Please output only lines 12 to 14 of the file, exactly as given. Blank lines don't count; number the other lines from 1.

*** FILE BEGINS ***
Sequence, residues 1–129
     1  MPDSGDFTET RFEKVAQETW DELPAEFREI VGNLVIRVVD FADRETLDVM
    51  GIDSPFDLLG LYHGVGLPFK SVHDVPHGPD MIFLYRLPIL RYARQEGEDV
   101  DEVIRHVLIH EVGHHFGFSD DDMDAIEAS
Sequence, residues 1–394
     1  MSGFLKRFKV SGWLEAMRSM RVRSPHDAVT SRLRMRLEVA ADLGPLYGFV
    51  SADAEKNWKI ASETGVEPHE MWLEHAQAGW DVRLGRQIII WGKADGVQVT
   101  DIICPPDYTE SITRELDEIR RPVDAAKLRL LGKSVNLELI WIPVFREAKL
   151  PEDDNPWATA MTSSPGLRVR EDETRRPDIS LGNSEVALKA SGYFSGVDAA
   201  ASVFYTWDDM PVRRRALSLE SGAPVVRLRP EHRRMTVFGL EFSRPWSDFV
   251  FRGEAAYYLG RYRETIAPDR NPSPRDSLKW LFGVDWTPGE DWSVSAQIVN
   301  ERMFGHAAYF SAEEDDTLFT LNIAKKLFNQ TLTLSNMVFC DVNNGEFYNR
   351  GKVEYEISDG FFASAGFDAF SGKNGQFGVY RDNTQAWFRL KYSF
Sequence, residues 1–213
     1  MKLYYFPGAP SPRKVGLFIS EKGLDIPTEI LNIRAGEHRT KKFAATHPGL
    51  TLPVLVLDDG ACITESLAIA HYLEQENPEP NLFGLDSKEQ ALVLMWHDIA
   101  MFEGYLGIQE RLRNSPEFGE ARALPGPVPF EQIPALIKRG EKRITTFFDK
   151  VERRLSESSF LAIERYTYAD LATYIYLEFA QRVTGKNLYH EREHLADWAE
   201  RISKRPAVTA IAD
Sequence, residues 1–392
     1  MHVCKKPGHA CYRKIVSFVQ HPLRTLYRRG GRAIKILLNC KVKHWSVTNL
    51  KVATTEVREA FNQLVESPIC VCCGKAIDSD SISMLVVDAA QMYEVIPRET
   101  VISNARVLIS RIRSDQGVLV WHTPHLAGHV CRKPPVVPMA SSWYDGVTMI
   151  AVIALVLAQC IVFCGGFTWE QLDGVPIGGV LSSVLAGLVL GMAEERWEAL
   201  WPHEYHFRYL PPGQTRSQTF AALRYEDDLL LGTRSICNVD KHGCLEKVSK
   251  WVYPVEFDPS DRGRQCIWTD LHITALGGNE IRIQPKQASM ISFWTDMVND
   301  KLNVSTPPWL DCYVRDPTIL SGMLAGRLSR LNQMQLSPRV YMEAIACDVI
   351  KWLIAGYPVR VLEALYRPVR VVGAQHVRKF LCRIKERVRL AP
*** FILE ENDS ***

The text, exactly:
   301  ERMFGHAAYF SAEEDDTLFT LNIAKKLFNQ TLTLSNMVFC DVNNGEFYNR
   351  GKVEYEISDG FFASAGFDAF SGKNGQFGVY RDNTQAWFRL KYSF
Sequence, residues 1–213